Statistical analysis

Pair-wise comparisons of data from infected mice respect non-infected (0 dpi) were performed by Welch's two sample t-tests using the program “R” http://cran.r-project.org/.

Results

Experimental T. cruzi infection

Infection of BALB/c mice with the Y strain of T. cruzi produced high parasitemia in the second and third week post-infection (Figure 1A) and no survival was observed by 34 dpi (Figure 1B). In a simultaneous experiment parasite DNA in heart tissue increased up to 21 days post-infection (dpi), the last day analyzed before the end of the experiment (Figure 1C). Besides, histological analysis of the heart at 21 dpi showed heart damage, with intense myocarditis and amastigote nests (Figure 1D).

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Figure 1. Parasite burden and mice survival during T. cruzi infection.

Parasite burden in blood and survival were monitored every two-three days as described in material and methods section. (A) Parasitemia. (B) Parasite DNA quantification by qPCR as described in the methods. (C) Mice survival. (D) Representative heart tissue section stained with H&E showing amastigote nests (white arrow) and mononuclear cell infiltration (black arrow). (E) Principal component analysis in heart tissue samples. (F) Principal component analysis in plasma samples.

https://doi.org/10.1371/journal.pntd.0003337.g001

Metabolic changes

We selected samples at 14 dpi and 21 dpi from heart tissue and plasma 21 dpi for metabolic analysis, corresponding to the acute phase of infection. We performed a global metabolomic analysis and we detected a total of 325 compounds of known identity (named biochemicals) in heart extract and 306 compounds in plasma extract (Table S1). Following log transformation and imputation with minimum observed values for each compound, Welch's two-sample t-test was used to identify biochemicals that differed significantly between experimental groups. Our analysis identified more than 200 biochemicals (around 2/3) that differed significantly in heart and 100 (around 1/3) in plasma.

Multiple metabolites were altered upon T. cruzi infection, and Principal component analysis (PCA) revealed that, in heart tissue, T. cruzi infection was accompanied by distinct biochemical changes compared to control animals (Figure 1E). Components 1 and 2 could be decomposed into several metabolite levels that explained 44.21% and 12.08% of the total variation, respectively. Thus, samples from control and infected mice at 14 dpi grouped separately in the analysis, although more heterogeneity was observed by day 21 post-infection in heart tissue (Figure 1E). Similarly, in plasma, components 1 and 2 explained 35.71% and 15.40%, respectively, and discriminated biochemicals in control and infected mice at 21 dpi, despite the greater heterogeneity observed in this case between individual mice (Figure 1F). PCA components used for the heart and plasma are shown in supplementary tables S2 and S3, respectively, which list the metabolites contributing to the stratification of the PCA profiles. In this files, the coefficient value of each metabolite for component 1 and component 2 are represented. The larger the positive or negative coefficients value for a given metabolite, the greater its contribution to separating the metabolic profiles and thus the better candidate it may be as a biomarker. We will highlight below the more relevant changes in several pathways.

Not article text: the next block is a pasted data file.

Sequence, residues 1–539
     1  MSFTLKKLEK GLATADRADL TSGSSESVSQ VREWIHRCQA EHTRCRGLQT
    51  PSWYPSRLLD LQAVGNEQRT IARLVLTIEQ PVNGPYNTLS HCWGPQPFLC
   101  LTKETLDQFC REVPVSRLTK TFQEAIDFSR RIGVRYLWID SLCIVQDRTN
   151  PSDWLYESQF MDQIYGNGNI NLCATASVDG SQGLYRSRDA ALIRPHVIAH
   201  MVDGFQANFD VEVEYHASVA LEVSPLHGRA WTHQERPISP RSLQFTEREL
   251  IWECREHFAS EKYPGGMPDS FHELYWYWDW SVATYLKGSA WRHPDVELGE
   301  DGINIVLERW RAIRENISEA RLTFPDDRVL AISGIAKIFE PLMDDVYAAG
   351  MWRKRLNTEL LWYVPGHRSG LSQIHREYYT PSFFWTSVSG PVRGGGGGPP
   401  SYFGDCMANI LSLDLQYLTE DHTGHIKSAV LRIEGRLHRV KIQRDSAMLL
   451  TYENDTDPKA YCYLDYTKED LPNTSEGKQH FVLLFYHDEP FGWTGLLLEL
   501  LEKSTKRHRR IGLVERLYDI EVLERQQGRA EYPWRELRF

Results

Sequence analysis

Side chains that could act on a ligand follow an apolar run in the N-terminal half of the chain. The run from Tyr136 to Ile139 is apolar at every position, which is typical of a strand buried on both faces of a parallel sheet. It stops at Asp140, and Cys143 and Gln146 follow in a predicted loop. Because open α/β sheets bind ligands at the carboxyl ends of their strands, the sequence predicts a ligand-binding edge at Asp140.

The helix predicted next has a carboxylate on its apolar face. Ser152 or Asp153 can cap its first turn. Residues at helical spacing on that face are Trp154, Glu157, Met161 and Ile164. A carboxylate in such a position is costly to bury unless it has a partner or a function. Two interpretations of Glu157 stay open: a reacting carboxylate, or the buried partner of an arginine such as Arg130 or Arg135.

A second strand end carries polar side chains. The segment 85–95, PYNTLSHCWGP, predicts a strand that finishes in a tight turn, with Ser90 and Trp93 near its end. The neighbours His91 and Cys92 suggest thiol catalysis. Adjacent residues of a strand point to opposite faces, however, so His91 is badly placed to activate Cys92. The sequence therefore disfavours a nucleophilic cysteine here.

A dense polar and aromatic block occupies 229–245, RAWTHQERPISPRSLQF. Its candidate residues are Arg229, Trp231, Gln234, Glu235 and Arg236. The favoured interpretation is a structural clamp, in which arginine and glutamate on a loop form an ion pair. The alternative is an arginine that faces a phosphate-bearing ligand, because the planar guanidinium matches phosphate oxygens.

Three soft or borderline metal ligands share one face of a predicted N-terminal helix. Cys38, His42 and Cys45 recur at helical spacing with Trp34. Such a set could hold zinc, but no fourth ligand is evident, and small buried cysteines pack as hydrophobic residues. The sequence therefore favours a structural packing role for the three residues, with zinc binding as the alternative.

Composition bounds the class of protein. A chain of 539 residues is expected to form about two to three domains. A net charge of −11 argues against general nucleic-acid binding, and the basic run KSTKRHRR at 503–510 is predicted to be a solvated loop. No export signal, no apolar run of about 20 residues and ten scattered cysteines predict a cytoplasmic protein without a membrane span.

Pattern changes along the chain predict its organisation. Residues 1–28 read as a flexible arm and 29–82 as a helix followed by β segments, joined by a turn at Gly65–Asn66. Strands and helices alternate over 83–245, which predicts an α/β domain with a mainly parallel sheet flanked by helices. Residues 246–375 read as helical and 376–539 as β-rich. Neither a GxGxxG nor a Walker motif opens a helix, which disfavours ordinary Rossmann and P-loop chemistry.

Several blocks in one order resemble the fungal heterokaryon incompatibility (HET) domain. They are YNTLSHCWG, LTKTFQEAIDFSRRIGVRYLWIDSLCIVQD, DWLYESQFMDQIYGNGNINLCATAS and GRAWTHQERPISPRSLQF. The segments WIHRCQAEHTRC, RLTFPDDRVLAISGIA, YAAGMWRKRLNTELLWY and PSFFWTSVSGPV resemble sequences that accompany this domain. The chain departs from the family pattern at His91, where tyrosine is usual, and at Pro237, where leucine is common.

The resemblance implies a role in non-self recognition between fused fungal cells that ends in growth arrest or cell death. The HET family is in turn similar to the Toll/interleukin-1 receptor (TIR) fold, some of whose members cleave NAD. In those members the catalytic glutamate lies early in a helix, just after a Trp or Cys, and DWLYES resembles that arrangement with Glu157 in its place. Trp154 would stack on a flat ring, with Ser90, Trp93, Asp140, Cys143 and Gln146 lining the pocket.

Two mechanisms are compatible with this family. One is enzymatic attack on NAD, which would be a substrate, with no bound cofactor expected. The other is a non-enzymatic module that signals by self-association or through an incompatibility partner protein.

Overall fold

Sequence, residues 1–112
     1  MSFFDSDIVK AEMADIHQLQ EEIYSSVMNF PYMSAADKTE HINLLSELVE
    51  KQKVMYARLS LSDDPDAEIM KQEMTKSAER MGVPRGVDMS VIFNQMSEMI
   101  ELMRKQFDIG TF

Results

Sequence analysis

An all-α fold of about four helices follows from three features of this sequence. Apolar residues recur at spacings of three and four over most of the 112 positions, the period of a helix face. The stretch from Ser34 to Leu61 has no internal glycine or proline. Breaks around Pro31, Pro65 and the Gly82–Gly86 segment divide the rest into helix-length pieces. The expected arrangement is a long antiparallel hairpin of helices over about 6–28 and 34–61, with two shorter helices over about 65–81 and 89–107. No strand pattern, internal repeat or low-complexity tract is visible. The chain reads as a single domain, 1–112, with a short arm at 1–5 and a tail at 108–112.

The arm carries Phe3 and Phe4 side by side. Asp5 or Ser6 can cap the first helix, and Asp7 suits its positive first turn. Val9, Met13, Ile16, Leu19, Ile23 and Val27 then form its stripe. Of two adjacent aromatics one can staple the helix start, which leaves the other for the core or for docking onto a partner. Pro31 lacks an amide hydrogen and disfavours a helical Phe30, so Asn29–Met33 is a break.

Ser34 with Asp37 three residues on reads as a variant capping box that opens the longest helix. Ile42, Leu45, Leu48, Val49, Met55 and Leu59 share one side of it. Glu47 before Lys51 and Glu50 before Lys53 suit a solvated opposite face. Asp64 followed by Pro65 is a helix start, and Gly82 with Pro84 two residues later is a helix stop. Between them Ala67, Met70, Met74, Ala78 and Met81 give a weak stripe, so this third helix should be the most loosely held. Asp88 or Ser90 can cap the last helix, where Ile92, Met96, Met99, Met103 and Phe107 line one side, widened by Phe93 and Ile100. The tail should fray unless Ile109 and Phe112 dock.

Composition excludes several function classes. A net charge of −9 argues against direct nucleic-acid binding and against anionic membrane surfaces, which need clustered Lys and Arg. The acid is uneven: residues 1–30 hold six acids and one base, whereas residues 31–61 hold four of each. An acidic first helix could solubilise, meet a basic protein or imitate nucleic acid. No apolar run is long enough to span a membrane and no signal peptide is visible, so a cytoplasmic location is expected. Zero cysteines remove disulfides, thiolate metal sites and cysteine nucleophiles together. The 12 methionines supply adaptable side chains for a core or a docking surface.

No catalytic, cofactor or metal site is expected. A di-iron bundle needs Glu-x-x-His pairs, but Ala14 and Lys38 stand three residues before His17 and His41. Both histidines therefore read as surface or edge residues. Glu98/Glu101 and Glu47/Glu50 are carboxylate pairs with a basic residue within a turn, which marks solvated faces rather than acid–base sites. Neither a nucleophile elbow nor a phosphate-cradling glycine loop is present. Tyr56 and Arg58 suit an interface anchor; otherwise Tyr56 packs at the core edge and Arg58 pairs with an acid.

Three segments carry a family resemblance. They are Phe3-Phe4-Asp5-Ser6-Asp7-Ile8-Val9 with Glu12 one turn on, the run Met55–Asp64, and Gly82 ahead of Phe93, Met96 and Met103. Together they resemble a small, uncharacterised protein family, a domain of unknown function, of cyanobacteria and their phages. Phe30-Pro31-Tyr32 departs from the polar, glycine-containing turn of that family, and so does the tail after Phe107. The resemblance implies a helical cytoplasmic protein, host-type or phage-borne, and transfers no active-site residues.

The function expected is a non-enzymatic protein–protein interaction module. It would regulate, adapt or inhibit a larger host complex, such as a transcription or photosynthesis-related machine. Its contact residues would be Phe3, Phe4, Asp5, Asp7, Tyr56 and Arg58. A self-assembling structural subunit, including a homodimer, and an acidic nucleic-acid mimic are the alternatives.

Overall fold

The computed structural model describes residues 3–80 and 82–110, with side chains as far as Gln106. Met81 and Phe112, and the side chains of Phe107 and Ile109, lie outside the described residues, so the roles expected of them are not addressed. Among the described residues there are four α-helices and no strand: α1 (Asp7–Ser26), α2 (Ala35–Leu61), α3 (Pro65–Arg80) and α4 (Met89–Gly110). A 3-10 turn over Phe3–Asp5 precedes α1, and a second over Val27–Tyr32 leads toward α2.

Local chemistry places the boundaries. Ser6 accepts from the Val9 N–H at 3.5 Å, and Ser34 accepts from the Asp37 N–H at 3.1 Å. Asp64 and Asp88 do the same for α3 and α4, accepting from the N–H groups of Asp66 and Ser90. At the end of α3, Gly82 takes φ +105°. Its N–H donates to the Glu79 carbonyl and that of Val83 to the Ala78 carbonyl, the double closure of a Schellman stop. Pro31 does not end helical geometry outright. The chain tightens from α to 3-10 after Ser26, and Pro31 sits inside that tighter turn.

Glucose metabolism

Compared to uninfected counterparts, glucose levels were elevated in heart tissue by days 14 and 21 post-infection (Figure 2A). This observation likely reflects an increase in glucose uptake considering glucose levels declined in infected plasma over time (Figure 2B). This also agrees with the observed increase of the sorbitol pathway metabolites, sorbitol and fructose, in the heart. Besides, multiple glycolytic intermediates including glucose-6 phosphate and fructose-6-phosphate and the end products pyruvate and lactate were also significantly elevated in infected heart tissue, but not in plasma (Figure 2A and B, respectively). In contrast, reduced glucose shuttling to the pentose phosphate pathway (PPP) was observed in response to infection as marked by lower levels of ribulose and sedoheptulose-7-phosphate. Thus, infected hearts have increased glycolysis.

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Figure 2. Carbohydrate pathways.

(A) Graphs represent the ScaledImpData of different biochemicals of the glycolytic, sorbitol and pentose phosphate pathways from heart tissue. (B) Same as in A from plasma samples. Samples from control uninfected mice are in white boxes, from mice sacrificed at 14 dpi in light gray boxes and from mice sacrificed at 21 dpi in dark grey boxes. Statistically significant differences respect to uninfected mouse samples are denoted, *p≤0.05.

https://doi.org/10.1371/journal.pntd.0003337.g002

Tricarboxylic acid cycle (TCA)

In infected heart tissue, the TCA cycle intermediates, succinylcarnitine and fumarate decreased (Figure 3A). This TCA cycle imbalance in the heart may be indicative of decreased oxidative metabolism, potentially resulting from succinate dehydrogenase (SDH) and electron transport complex II dysfunction. However, all of the TCA cycle metabolites, including succinate, were diminished in plasma of infected mice (Figure 3B).